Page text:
Loaharanu, P [Head, Food Preservation Section, Joint FAO/IAEA Division of Nuclear Techniques in Food and Agriculture, Wagramerstr. 5, A-1400, Vienna (Austria)

    1998-12-31

    Food irradiation is increasingly accepted and applied in many countries in the past decade. Through its use, food losses and food-borne diseases can be reduced significantly, and wider trade in many food items can be facilitated. The past five decades have witnessed a positive evolution on food irradiation according to the following: 1940`s: discovery of principles of food irradiation; 1950`s: initiation of research in advanced countries; 1960`s: research and development were intensified in some advanced and developing countries; 1970`s: proof of wholesomeness of irradiated foods; 1980`s: establishment of national regulations; 1990`s: commercialization and international trade. (Author)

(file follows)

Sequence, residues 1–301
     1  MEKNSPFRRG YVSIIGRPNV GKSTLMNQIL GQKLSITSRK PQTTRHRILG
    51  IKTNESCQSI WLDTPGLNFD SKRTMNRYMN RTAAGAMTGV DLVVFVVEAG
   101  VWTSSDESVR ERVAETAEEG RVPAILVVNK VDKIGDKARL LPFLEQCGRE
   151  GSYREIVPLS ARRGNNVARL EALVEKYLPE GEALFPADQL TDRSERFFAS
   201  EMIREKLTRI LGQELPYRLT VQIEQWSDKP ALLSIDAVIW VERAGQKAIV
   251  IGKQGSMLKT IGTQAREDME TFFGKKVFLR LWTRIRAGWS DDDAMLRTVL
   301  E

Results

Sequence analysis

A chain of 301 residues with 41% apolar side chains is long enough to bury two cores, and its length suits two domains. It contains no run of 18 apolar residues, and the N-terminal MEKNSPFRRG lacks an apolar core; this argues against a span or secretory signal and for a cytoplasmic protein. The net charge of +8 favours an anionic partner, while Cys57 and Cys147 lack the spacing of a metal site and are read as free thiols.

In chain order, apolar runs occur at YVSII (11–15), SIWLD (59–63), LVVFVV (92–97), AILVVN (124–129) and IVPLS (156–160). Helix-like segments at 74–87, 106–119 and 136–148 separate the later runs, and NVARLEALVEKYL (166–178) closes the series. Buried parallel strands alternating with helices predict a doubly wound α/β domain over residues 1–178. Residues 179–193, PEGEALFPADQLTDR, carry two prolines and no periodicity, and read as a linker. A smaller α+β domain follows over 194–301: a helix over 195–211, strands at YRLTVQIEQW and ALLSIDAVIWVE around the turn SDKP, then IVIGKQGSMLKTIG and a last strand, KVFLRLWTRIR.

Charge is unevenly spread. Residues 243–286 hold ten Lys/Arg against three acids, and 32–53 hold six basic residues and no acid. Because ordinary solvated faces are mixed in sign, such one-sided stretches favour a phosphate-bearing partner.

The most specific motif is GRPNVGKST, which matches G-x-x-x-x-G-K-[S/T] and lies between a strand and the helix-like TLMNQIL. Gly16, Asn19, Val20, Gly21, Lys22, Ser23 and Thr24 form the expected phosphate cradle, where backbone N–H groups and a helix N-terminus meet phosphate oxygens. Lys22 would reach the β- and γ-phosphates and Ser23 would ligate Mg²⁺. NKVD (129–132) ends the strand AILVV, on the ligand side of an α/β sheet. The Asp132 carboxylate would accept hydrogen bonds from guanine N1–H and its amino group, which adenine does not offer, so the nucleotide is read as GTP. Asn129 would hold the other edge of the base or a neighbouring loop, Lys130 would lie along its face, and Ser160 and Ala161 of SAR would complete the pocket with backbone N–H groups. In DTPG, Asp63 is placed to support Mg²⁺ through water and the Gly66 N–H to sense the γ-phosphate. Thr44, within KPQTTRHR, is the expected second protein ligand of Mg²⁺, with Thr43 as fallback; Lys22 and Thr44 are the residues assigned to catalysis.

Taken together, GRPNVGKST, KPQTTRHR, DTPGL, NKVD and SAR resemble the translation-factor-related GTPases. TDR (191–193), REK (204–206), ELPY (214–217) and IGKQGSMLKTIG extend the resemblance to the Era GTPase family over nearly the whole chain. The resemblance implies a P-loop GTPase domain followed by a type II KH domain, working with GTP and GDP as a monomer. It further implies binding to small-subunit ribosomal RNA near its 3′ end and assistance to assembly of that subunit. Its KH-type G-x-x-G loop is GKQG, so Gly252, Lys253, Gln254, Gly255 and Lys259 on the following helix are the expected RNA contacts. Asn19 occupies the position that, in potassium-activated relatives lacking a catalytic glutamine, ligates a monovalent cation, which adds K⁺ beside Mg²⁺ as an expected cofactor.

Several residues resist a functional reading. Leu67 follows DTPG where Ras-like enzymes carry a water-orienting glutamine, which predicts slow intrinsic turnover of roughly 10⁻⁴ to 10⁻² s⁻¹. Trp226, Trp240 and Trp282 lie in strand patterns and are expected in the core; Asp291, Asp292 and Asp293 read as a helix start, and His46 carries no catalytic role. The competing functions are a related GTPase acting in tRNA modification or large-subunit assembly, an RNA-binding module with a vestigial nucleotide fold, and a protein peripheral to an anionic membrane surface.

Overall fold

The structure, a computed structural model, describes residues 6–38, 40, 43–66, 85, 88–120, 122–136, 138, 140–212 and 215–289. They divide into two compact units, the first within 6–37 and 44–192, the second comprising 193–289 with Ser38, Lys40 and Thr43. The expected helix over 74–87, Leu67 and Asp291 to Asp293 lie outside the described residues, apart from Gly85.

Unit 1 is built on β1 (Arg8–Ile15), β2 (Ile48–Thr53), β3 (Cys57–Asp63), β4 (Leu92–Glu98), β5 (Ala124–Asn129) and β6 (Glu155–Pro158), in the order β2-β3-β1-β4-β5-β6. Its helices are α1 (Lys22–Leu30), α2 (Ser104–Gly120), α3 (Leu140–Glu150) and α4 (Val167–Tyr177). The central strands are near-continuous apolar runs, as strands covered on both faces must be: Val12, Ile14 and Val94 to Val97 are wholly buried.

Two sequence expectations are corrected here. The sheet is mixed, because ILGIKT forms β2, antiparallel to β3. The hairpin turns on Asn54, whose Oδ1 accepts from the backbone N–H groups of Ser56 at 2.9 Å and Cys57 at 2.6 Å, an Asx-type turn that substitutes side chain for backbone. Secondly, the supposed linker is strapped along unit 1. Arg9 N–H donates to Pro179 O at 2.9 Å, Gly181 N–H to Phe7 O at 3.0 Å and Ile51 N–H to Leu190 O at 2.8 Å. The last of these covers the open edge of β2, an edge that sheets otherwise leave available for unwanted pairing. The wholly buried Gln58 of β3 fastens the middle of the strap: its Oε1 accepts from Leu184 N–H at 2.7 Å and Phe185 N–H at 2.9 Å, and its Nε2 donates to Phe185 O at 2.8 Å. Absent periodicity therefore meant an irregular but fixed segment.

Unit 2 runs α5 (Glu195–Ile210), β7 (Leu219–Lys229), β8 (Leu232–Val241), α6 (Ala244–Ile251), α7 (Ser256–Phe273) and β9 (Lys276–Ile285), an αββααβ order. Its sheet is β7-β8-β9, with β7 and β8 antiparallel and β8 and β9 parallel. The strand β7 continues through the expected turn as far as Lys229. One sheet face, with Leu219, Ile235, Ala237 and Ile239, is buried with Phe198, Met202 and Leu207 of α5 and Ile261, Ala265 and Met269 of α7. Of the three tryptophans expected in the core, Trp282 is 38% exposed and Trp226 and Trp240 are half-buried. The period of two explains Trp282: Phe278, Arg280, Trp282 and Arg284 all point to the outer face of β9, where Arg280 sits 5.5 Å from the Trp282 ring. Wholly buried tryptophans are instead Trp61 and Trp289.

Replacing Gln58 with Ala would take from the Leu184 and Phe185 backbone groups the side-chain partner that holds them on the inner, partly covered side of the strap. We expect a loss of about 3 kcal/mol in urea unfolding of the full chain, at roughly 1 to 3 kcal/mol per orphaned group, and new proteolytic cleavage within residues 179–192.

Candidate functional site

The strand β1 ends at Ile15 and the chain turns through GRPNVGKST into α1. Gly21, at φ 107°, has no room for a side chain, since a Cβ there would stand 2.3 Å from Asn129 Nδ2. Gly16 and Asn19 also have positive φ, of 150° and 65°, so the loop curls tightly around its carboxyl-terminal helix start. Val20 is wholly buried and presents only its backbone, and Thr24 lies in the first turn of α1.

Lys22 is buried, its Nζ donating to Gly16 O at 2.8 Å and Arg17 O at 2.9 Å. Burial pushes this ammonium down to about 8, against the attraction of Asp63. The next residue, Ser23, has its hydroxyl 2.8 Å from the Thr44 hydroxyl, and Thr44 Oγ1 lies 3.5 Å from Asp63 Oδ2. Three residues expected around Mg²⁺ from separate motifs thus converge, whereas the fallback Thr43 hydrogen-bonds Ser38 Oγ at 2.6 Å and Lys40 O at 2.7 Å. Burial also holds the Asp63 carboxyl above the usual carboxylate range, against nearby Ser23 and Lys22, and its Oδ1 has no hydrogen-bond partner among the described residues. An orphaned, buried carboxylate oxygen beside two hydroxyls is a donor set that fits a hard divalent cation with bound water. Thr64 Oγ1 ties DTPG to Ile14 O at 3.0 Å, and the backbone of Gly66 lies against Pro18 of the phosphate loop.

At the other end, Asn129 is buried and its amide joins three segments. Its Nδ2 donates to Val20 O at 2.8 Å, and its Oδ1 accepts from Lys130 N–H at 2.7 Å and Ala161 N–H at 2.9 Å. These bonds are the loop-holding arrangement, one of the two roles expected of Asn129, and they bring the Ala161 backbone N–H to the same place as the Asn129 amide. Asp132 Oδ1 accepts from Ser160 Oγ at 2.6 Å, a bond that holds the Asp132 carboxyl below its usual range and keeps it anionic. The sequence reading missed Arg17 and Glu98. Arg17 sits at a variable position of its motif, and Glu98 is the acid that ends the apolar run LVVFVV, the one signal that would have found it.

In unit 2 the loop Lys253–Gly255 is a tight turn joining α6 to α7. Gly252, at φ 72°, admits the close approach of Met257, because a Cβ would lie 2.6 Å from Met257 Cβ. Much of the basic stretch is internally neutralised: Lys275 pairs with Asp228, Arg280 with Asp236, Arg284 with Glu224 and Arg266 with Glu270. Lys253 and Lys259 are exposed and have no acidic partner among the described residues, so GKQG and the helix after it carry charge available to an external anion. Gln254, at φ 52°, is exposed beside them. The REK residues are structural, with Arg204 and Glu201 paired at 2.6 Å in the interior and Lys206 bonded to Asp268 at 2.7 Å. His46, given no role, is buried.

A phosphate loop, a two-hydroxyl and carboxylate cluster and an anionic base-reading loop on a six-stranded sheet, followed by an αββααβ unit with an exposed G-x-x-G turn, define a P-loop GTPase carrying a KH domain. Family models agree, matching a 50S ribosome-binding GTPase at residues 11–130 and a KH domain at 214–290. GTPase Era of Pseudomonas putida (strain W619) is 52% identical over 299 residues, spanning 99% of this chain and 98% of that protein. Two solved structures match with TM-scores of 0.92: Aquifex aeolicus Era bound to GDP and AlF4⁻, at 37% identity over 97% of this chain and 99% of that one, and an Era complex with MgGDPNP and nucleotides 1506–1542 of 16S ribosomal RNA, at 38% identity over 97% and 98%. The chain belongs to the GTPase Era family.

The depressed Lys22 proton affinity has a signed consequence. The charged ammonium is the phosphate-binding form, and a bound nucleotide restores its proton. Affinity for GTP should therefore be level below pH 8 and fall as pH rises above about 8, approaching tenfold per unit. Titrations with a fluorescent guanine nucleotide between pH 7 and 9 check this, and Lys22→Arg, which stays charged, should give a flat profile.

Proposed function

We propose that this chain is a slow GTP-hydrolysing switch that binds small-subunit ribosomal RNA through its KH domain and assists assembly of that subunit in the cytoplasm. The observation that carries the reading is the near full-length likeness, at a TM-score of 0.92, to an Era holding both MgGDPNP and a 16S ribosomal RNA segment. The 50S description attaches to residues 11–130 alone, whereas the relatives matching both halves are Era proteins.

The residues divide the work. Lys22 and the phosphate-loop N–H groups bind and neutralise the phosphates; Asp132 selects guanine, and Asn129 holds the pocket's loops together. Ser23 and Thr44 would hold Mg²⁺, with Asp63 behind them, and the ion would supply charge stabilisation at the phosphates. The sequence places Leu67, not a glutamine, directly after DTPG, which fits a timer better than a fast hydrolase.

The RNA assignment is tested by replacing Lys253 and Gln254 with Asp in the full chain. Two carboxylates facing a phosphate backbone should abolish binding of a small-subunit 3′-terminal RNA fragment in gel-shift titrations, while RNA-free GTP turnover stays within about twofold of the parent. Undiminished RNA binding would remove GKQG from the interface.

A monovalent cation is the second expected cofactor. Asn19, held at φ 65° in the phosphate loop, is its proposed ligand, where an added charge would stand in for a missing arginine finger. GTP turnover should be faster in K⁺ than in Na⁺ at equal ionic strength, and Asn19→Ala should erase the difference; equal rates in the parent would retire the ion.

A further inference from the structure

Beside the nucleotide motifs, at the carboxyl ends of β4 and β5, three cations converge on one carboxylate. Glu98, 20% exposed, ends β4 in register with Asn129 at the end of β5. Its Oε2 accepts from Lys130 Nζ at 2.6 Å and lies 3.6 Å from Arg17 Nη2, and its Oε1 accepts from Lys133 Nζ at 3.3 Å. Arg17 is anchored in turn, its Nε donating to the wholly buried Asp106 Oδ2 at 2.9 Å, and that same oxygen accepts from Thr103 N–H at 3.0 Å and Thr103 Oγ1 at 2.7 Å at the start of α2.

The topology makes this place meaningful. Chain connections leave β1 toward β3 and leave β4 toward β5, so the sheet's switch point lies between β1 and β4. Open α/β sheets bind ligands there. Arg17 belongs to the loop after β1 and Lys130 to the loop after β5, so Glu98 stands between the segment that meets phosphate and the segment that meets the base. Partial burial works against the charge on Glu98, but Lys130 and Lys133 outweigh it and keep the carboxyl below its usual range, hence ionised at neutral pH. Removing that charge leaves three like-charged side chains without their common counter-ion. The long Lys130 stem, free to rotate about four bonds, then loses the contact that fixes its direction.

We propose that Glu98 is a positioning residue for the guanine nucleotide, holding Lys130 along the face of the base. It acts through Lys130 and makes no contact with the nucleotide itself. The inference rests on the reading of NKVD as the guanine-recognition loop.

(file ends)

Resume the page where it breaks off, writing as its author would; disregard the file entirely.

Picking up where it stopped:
12. International Developments of Food Irradiation

    International Nuclear Information System (INIS)

    Loaharanu, P.

    1997-01-01

    Food irradiation is increasingly accepted and applied in many countries in the past decade. Through its use, food losses and food-borne diseases can be reduced significantly, and wider trade in many food items can be facilitated. The past five decades have witnessed a positive evolution on food irradiation according to the following: 1940's: discovery of principles of food irradiation; 1950's: initiation of research in advanced countries; 1960's: research and development were intensified in some advanced and developing countries; 1970's: proof of wholesomeness of irradiated foods; 1980's: establishment of national regulations; 1990's: commercialization and international trade. (Author)

  13. Developing Exchange in Short Local Foods Supply Chains

    Directory of Open Access Journals (Sweden)

    Per Engelseth

    2016-07-01